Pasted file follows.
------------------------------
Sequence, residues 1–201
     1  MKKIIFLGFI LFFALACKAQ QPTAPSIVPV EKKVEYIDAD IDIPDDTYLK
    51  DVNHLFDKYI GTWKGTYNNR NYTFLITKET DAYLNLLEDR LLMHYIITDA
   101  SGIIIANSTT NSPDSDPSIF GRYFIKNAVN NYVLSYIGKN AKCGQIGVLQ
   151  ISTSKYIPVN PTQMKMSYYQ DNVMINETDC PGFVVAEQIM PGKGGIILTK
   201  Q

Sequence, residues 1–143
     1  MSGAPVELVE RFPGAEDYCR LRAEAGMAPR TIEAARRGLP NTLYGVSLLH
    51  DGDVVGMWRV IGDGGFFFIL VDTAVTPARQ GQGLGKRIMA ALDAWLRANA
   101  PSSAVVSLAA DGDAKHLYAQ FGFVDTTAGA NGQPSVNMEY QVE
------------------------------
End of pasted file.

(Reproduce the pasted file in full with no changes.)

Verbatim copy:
Sequence, residues 1–201
     1  MKKIIFLGFI LFFALACKAQ QPTAPSIVPV EKKVEYIDAD IDIPDDTYLK
    51  DVNHLFDKYI GTWKGTYNNR NYTFLITKET DAYLNLLEDR LLMHYIITDA
   101  SGIIIANSTT NSPDSDPSIF GRYFIKNAVN NYVLSYIGKN AKCGQIGVLQ
   151  ISTSKYIPVN PTQMKMSYYQ DNVMINETDC PGFVVAEQIM PGKGGIILTK
   201  Q

Sequence, residues 1–143
     1  MSGAPVELVE RFPGAEDYCR LRAEAGMAPR TIEAARRGLP NTLYGVSLLH
    51  DGDVVGMWRV IGDGGFFFIL VDTAVTPARQ GQGLGKRIMA ALDAWLRANA
   101  PSSAVVSLAA DGDAKHLYAQ FGFVDTTAGA NGQPSVNMEY QVE